Silver Lady

Silver Lady
by Deb Houdek Rule

This is a short-short, or prose poem, about Earth’s moon. It’s a delicate little piece about our yearning for Luna and her yearning for us. Originally published in Wellspring literary magazine, summer issue 1995. Reprinted in Jackhammer, July 1998. ©1995

One face she kept ever hidden from the lustful, yearning eyes that sought her secrets. With the other she taunted their deepest desires, toying with their imaginations. She teased their fantasies, veiling herself in chaste darkness one moment, flaunting her silver, unobtainable radiance the next.

Madness seized some who looked full upon her bared face. The tormented howls that rose toward her spoke of the anguished craving she provoked. Lost, they were, these cries, lost in the dark gulf that surrounded her.

She waited. Someday would come the lover’s touch of these frantically scrambling souls. Someday…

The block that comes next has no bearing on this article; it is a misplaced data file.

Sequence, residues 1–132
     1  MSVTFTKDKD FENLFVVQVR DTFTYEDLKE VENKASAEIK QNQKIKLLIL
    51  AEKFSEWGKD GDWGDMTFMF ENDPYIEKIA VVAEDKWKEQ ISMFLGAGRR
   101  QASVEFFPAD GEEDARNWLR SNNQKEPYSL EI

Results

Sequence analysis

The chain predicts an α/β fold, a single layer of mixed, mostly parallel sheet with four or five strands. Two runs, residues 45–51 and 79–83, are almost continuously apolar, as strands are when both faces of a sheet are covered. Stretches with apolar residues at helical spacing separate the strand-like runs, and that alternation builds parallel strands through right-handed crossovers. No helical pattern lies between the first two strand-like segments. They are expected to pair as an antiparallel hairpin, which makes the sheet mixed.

And then they came – oh! Brave, foolish questers who dare challenge the courage-draining emptiness to gaze upon her hidden face. Breached was the lure she’d withheld from their eyes.

What now? As they left her alone once more. Would they not return to her waiting embrace?

A bare flicker of time and they who had probed her from afar returned to caress her and make her theirs. Sweet, their lover’s whisper, “We came in peace for all mankind.”

The End

Read stories in Stars That Sing the Requiem, short story anthology available on